The other variables did not show statistically significant differences between the groups. The following maternal characteristics showed no differences: mothers’ age (years) (Death: 26 (20, 31); Discharge: 24 (20, 28); p = 0.300), number of gestations (Death: 1 (1, 4); Discharge: 2 (1, 3); p > 0.900), number of deliveries (Death: 1 (0, 2); Discharge: 1 (0, 1); p = 0.110), number of prenatal care (Death: 3 (1, 5); Discharge: 2 (1, 3); p = 0.100), UTIs (Death: 15 (42%); Discharge: 13 (31%); p = 0.300), leukorrhea (Death: 12 (33%); Discharge: 15 (36%); p = 0.800), Anemia (Death: 1 (3.0%); Discharge: 2 (5.0%); p > 0.900), Bleeding (Death: 1 (3.0%); Discharge: 6 (15%); p = 0.120), Preeclampsia (Death: 3 (9.1%); Discharge: 0 (0%); p = 0.088), HDP (Death: 6 (18%); Discharge: 4 (10%); p = 0.300). The following obstetrical conditions: type of delivery (Cesarean - Death: 11 (26%); Discharge: 17 (47%); Vaginal - Death: 31 (74%); Discharge: 19 (53%); p = 0.054), Single birth (Death: 32 (89%); Discharge: 35 (83%); p = 0.500) showed no differences. Finally, the sex variable (female - Death: 16 (44%), Discharge:14 (34%); Male - Death: 20 (56%); Discharge: 27 (66%); p = 0.400) there was no difference between the outcomes.
Table 4 presents the univariate and multivariable logistic regression analysis. In the univariate analysis, the following variables did not have a p-value to be included in the final model: mothers’ age (years) (OR = 0.97, 95%CI: 0.91–1.03, p = 0.318), number of gestation (OR = 0.96, 95%CI: 0.70–1.31, p = 0.775), prenatal care (OR = 1.35, 95%CI: 0.43–4.29, p = 0.606), UTI (OR = 0.63, 95%CI: 0.24–1.59, p = 0.326), leukorrhea (OR = 1.11, 95%CI: 0.44, 2.87, p = 0.826), anemia (OR = 1.68, 95%CI: 0.15–37.2, p = 0.669), HDP (OR = 0.50, 95%CI: 0.12–1.92, p = 0.312), Single birth (OR = 0.63, 95%CI: 0.15–2.27, p = 0.479), sex (Male) (OR = 1.54, 95%CI: 0.62, 3.92, p = 0.355). Univariate analysis showed a p < 0.25 for the following variables: number of deliveries, number of abortions, gestation time (continuous and in weeks), number of prenatal care, bleeding, preeclampsia, type of delivery (vaginal), birth injury, surfactant supplementation, IMV, CPAP, weight, height, cephalic, thoracic and abdominal perimeters. The final model of the multivariable logistic regression didn’t include the variables weight, gestation time (continuous and in weeks), thoracic and abdominal perimeter, due to multicollinearity (VIF > 10). No significant independent associations were observed in multivariable analysis.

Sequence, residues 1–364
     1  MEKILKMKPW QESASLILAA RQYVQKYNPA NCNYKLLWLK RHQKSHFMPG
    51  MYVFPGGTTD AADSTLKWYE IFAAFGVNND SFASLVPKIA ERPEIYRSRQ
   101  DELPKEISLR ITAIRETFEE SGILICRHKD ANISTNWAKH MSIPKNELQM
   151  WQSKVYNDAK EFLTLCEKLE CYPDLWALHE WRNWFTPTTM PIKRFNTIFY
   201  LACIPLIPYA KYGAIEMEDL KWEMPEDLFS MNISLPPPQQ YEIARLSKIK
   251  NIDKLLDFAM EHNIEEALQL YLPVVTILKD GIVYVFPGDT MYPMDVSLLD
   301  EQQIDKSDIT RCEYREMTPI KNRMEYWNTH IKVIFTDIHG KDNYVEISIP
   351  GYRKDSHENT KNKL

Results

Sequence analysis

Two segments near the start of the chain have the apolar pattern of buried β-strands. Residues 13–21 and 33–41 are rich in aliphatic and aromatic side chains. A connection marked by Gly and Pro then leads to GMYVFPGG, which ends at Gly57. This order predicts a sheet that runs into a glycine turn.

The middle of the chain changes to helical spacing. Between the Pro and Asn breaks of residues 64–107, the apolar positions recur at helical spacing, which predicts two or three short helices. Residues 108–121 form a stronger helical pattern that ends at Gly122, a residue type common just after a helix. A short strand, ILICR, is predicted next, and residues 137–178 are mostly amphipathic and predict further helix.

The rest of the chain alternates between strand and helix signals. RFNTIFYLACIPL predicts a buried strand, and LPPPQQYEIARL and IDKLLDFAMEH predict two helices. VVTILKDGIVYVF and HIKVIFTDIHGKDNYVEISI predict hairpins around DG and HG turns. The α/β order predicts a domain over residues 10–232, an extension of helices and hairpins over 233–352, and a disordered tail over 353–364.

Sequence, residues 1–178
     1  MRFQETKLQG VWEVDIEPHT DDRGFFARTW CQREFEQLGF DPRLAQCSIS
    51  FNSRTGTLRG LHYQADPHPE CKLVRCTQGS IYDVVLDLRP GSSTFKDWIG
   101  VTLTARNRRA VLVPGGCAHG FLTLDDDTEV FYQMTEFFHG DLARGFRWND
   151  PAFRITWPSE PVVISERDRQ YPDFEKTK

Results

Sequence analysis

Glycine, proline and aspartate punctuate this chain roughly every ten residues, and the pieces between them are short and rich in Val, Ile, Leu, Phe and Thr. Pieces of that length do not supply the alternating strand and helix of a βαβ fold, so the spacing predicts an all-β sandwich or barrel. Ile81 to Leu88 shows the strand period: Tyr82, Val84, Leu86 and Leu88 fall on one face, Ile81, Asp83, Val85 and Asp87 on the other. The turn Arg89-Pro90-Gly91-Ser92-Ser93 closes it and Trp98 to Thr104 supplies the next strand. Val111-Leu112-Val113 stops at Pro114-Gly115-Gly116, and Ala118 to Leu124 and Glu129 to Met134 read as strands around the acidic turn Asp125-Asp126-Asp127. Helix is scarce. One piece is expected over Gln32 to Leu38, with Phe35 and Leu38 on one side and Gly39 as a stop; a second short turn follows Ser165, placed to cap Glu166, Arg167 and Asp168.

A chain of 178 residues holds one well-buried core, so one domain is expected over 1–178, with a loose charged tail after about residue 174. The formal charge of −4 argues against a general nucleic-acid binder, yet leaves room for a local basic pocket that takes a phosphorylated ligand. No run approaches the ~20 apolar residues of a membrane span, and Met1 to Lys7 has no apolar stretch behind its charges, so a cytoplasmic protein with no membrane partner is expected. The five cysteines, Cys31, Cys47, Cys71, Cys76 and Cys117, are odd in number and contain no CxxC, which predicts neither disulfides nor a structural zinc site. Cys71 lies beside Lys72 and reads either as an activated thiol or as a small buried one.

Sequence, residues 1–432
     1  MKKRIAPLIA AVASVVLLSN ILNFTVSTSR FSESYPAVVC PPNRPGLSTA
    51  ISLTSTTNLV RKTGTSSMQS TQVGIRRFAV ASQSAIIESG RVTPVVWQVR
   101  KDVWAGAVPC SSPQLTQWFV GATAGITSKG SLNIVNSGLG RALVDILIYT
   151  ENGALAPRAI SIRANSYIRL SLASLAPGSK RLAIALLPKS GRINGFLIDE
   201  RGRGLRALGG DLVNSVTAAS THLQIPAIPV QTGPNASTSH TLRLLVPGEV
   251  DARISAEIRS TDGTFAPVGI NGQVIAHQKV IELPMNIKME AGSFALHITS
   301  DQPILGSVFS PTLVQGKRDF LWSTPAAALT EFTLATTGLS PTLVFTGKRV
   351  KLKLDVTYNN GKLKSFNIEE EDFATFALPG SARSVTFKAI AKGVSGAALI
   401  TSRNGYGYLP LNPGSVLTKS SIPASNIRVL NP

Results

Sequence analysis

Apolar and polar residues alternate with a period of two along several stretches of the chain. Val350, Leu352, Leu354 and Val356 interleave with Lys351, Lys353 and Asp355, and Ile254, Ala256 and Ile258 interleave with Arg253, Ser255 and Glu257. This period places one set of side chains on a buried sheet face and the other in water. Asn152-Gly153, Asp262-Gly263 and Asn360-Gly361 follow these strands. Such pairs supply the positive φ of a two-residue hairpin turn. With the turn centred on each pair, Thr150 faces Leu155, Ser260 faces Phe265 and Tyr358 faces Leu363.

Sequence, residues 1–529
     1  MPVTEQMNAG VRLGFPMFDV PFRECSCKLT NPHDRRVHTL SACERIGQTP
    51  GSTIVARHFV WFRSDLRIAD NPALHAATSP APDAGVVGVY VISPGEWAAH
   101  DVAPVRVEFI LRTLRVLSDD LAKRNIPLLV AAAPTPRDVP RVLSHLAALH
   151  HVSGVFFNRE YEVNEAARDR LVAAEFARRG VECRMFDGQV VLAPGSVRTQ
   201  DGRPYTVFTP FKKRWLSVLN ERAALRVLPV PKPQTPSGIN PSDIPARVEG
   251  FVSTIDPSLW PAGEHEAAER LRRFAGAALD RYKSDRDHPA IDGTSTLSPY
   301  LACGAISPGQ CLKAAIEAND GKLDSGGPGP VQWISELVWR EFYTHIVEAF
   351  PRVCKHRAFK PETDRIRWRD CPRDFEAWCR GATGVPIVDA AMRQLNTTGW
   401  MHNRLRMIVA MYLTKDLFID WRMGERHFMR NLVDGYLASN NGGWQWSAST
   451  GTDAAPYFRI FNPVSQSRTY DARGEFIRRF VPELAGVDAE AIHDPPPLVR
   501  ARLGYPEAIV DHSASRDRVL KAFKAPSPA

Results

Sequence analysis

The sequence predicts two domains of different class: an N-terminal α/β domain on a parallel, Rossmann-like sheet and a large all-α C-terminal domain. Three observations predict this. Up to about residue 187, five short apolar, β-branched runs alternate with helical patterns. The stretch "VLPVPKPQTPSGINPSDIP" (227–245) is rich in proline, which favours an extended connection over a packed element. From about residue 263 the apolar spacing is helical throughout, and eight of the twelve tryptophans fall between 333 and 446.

Survival in newborns with a low 5-minute Apgar score
Of the 42 newborns with Apgar < 7 who died, 30 were included in the survival analysis after neonates were excluded because of missing date-of-death data. Figure 2 shows the Kaplan-Meier curve, which indicates that the variable type of cesarean delivery in the middle (p = 0.035) and last (p = 0.041) part of the curve has a shorter survival time in the NICU. There were no significant differences in the other variables (p > 0.05).
Among the factors associated with a 5-minute Apgar score < 7, only vaginal delivery had a threefold association. In addition, the presence of birth injury was associated with an Apgar score ≥ 7.